On August 19, 2004, the New York Stock Exchange, Inc. (“NYSE” or “Exchange”) submitted to the Securities and Exchange Commission (“Commission” or “SEC”), pursuant to Section 19(b)(1) of the Securities Exchange Act of 1934 (“Act”)  and Rule 19b-4 thereunder, a proposed rule change codifying existing procedures followed where companies fail to satisfy the Commission's filing requirements for annual reports on Forms 10-K, 10-KSB, 20-F, 40-F, or N-CSR in a timely manner. The proposed rule change was published for public comment in the Federal Register on October 1, 2004. The Exchange filed Amendments No. 1  and 2  on October 29, 2004 and November 29, 2004, respectively. On December 21, 2004, the Exchange filed Amendment No. 3 to the proposed rule change. Amendment No. 3 was published for public comment in the Federal Register on January 14, 2005. The Commission received two comment letters regarding the proposed rule change. On March 1, 2005, the Exchange submitted a response to the comments. This order approves the proposed rule change, as amended.
II. Description of the Proposed Rule Change
The Exchange is proposing to codify existing procedures followed where companies fail to satisfy the Commission's filing requirements for annual reports on Forms 10-K, 10-KSB, 20-F, 40-F, or N-CSR in a timely manner. The proposed rule change would apply with full effect to companies that are already late in filing their annual report on Form 10-K, 20-F, 40-F, or N-CSR with the SEC as of the date that the Commission approves this rule filing. Specifically, a company that fails to file its annual report with the Commission in a timely manner would be subject to the following procedures under new Paragraph 802.01E of the Listed Company Manual:
Under Paragraph 802.01E, once the Exchange identifies that a company has failed to file a timely periodic annual report with the Commission by the later of (a) the date that the annual report was required to be filed with the Commission by the applicable form or (b) if a Form 12b-25 was timely filed with the Commission, the extended filing due date for the annual report, the Exchange would notify the company in writing of its status. The later of these two dates would be referred to as the “Filing Due Date.”
Within five days of receipt of this notification, the company would be required to (a) contact the Exchange to discuss the status of the annual report filing, and (b) if it has not already done so, issue a press release disclosing the status of the filing. If the company failed to issue this press release in a timely manner, the Exchange would itself issue a press release stating that the company has failed to timely file its annual report with the Commission.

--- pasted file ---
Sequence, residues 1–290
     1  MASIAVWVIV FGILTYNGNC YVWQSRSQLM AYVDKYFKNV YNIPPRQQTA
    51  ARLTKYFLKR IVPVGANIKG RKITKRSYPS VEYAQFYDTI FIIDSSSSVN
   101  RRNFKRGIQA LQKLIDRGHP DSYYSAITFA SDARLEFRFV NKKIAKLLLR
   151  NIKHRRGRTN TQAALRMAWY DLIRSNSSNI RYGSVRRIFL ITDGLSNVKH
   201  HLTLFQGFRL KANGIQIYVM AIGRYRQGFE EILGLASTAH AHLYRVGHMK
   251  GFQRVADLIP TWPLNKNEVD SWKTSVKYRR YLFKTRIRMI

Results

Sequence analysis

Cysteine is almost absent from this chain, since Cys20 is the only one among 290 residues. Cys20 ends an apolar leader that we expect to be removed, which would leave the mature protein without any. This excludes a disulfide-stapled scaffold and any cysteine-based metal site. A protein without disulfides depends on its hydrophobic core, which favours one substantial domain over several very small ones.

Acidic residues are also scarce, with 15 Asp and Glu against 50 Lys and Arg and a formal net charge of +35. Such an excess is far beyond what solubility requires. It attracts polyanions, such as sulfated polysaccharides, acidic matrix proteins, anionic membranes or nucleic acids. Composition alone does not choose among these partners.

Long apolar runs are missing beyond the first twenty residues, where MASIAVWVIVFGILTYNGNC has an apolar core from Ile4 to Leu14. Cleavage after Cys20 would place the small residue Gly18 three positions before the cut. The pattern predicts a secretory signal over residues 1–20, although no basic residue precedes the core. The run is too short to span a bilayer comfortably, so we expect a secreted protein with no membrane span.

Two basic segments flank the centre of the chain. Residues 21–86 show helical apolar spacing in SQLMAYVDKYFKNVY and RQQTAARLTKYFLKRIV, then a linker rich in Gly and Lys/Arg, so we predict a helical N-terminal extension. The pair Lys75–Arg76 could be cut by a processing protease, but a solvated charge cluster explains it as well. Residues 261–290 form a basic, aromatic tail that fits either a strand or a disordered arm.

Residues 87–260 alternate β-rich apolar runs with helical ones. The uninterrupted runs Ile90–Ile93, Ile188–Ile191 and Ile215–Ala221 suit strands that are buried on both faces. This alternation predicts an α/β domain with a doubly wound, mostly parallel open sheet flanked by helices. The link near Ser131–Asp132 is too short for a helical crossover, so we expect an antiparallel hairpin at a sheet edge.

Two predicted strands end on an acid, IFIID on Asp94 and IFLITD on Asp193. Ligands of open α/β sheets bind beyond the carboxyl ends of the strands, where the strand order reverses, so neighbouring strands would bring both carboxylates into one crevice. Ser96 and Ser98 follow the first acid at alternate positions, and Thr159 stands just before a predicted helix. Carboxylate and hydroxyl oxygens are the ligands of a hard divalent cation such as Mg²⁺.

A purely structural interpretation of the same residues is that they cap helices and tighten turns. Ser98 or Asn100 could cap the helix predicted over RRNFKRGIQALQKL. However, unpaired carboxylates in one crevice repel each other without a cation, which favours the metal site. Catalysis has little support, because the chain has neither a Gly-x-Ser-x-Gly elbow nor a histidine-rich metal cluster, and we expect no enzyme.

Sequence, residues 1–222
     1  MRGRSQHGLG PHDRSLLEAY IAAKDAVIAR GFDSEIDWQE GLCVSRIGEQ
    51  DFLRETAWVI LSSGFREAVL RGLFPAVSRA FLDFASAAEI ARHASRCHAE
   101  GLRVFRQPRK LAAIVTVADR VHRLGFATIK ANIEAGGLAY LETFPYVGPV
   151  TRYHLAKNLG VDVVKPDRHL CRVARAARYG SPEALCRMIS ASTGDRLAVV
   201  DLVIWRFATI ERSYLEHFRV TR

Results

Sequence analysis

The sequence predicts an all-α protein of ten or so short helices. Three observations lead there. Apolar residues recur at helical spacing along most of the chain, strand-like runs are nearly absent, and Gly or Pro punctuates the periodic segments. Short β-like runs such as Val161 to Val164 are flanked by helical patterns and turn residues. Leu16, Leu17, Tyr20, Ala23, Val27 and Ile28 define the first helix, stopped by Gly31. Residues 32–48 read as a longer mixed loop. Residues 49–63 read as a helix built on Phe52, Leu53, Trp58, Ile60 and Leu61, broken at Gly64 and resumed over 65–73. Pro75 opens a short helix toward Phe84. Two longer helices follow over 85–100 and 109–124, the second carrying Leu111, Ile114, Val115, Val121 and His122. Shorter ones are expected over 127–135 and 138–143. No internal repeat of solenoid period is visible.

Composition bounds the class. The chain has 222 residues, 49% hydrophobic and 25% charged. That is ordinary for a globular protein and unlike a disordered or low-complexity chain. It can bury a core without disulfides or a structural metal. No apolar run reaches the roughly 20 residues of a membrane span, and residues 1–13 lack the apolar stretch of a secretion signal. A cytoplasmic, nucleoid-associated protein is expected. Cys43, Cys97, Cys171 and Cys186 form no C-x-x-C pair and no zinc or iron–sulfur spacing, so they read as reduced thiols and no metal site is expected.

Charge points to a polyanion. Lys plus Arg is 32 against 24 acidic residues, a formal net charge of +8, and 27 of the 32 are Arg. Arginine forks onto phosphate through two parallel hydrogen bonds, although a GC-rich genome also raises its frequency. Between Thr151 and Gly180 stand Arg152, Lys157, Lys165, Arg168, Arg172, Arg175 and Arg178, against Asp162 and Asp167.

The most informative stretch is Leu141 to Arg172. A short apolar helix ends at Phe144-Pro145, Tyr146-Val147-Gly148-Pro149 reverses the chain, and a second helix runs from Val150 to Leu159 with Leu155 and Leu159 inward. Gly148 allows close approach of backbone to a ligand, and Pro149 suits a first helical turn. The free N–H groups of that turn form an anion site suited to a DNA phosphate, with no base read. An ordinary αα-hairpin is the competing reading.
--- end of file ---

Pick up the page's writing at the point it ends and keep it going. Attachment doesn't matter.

During the nine-month period from the Filing Due Date, the Exchange would monitor the company and the status of the filing, including through contact with the company, until the annual report is filed. Under the procedure, if the company failed to file the annual report within nine months from the Filing Due Date, the Exchange would be permitted, in its sole discretion, to allow the company's securities to be traded for up to an additional three-month trading period depending on the company's specific circumstances. If the Exchange determined that an additional trading period of up to three months is not appropriate, suspension and delisting procedures would commence in accordance with the procedures set out in Paragraph 804.00 of the Listed Company Manual. The new rule specifically states that a company would not be eligible to follow the procedures outlined in Paragraphs 802.02 and 802.03 with respect to this criteria.
In determining whether an additional trading period of up to three-months is appropriate, the rule specifically states that the Exchange would consider the likelihood that the filing could be made during the additional period, as well as the company's general financial status, based on information provided by a variety of sources, including the company, its audit committee, its outside auditors, the staff of the Commission and any other regulatory body. The new procedures also state that the Exchange strongly encourages companies to provide ongoing disclosure on the status of the annual report filing to the market through press releases, and that the Exchange will take the frequency and detail of such information into account in determining whether an additional three-month trading period is appropriate. If the Exchange determined that an additional, up to three-month trading period was appropriate and the company failed to file its periodic annual report by the end of the additional period, suspension and delisting procedures would commence in accordance with the procedures set out in Paragraph 804.00 of the Listed Company Manual.Start Printed Page 33574
The Commission notes that new Paragraph 802.01E permits the Exchange to suspend trading immediately and commence delisting procedures for a late annual report filer in accordance with Paragraph 804. Specifically, the new rule states that if, at any time, the Exchange deemed it necessary or appropriate in the public interest or for the protection of investors, trading in any security could be suspended immediately, and, in accordance with the procedures set out in Paragraph 804.00, application made to the Commission to delist the security.
The Commission received a total of two comment letters: the Nasdaq Letter and the Angel Letter, and a response from the NYSE. Angel stated that the proposal seemed reasonable overall, but that the NYSE should place an indicator on the ticker symbol of companies that are late in making required filings with the SEC. The Angel Letter also noted that Nasdaq puts an “E” on the end of a ticker symbol of companies late in required Commission filings and that the same identifier should be seen on NYSE late filers. Angel also recommended expanding the scope of the proposal to companies that are late in filing their quarterly reports, noting that this is just as important, if not more so, than late filers of annual reports.